As we roll towards the conclusion of another utterly awful year of Oilers hockey, it becomes more and more difficult to care about anything associated with the team. The terrible hockey and terrible decision making just starts to numb you after a while. The impact on your fandom is like freezing to death; after a while, you don’t even notice the cold and just drift away.
With that said, goofy things are always interesting and the Oilers continue to keep us well supplied with those. On Saturday night, with about 2:30 left in a game that Calgary was winning 5-2, Tom Renney pulled the goalie. Calgary scored shortly thereafter and CBC’s cameras caught Taylor Hall skating towards the bench saying something that looked suspiciously like “Why did we pull the fucking goalie?” This was followed shortly by “I’m sorry.” Tom Renney was asked about it after the game.
Ryan Rishaug: “You talk about his compete level, some frustration seeps in right at the end of the game with the empty netter. He appeared to sort of say ‘Why do we have no goalie?’ He seemed to show some frustration there. I’m not a lip reader but…”
Renney: “Maybe you are a lip reader. You seemed to phrase that pretty accurately. He’s a competitor. I bet you if you asked him right now how he felt about pulling the goaltender, he’d say “I think it was the right thing to do.” I don’t know for sure but I’m guessing he’d say that. Cause it was the right thing to do. We’re not gonna quit behind the bench either. We have to coach the game, we have to coach to win. Period.”
OK. I’ve always been interested in pulling the goalie – one of the first posts that I wrote here was about it – and generally think that teams are far too conservative. With that said, it’s a pity that Rishaug didn’t follow up on his question, as Renney’s reply kind of demanded that a follow up question be posed.
You see, Tom Renney had coached an awful lot of games before last night: 556 of them, to be exact. He’s coached a lot of terrible teams in that time: 101 games with the late 1990s Vancouver Canucks and 128 games with the Edmonton Oilers entering last night. He’s also coached a mostly decent team, the Rangers, between 2004 and 2009.
We don’t have sufficiently granular data from his time with the Canucks to inquire into how often Renney pulled the goalie when down three there. We basically do from his time with the Rangers and Oilers, although a little bit of guesswork is required for older games. I was able to identify 48 games in which Renney’s team has been down three goals at some point in the last three minutes during that period. He appears to have pulled the goalie (delayed penalties excluded) five times, including last night. Three of those were on power plays while he was with the Rangers. You can quibble with the numbers a little bit – some of these are cases where the Rangers gave up an ENG with three seconds left or something, but on the whole they aren’t. As a general rule, Tom Renney doesn’t pull his goalies down three goals.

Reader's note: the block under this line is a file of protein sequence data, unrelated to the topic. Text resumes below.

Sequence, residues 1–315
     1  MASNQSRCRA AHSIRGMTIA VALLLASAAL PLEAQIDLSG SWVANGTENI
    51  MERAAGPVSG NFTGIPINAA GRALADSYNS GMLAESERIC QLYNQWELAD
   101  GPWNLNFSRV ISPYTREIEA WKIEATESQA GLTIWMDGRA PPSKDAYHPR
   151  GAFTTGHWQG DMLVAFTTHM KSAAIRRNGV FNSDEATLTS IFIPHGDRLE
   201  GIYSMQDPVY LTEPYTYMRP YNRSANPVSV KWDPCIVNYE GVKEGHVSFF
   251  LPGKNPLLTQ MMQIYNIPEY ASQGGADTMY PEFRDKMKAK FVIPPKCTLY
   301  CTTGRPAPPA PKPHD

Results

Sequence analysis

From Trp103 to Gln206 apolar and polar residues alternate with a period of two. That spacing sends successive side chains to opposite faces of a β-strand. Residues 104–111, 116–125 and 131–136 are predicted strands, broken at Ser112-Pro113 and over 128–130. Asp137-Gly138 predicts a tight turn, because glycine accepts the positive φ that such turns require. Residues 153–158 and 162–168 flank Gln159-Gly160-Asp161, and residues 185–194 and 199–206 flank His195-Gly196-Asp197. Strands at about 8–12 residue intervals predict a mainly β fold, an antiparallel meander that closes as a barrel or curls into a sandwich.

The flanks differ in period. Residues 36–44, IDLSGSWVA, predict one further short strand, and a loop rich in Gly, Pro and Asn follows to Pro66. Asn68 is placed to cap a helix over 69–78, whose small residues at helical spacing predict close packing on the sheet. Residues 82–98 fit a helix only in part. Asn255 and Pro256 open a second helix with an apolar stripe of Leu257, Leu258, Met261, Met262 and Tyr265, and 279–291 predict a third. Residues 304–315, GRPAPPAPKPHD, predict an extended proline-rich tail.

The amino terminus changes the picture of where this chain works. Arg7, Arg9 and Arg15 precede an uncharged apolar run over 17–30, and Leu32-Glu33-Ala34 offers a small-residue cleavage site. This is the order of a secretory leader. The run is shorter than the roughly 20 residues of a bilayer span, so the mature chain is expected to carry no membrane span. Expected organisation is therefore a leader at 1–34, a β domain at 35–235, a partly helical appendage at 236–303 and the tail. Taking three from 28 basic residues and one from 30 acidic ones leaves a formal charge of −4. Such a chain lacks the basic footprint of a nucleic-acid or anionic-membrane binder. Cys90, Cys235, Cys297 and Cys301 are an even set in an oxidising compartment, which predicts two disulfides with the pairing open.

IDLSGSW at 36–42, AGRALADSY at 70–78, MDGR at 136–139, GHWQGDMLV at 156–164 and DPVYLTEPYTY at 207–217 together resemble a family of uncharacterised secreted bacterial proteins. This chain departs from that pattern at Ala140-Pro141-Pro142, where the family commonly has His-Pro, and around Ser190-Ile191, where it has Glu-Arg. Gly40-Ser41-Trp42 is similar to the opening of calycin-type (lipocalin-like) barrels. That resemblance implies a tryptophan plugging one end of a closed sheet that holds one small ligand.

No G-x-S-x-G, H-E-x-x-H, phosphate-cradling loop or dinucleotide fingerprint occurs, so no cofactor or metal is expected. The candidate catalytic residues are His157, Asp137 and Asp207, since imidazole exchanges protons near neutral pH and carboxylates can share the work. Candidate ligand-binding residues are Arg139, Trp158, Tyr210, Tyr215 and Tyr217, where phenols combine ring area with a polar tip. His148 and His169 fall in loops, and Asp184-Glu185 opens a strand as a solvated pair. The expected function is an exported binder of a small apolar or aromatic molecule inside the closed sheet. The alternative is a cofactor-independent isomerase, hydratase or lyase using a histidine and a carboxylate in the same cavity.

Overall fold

That leaves two instances in which he’s pulled a goalie at even strength while down three. Saturday night and a game played on February 9, 2009 in which he pulled his goalie in the last minute or so while down 3-0 to the Devils. Of possible note: he was fired two weeks later.
In short, I think Hall was asking a pretty incisive question: why DID we pull the fucking goalie? Renney’s answer is completely unsatisfactory because if pulling the goalie down three goals is “the right thing to do” why does he do it so infrequently? Was he coaching to lose in those other games?
Who knows. I don’t expect anyone will ever answer this. Answers like this are why I don’t particularly like Renney as a coach though. I wonder if he has any idea why he pulled the goalie on Saturday or whether it was simply done in a fit of pique, presented after the game as “…we have to coach to win. Period.” It’s very difficult to reconcile his stated rationale with his past decisions.
In any event, whatever. None of this matters. My inner Oil fan would find taking off his jacket and lying in a snowbank for a nap more productive than actually trying to make sense of what goes on in Edmonton.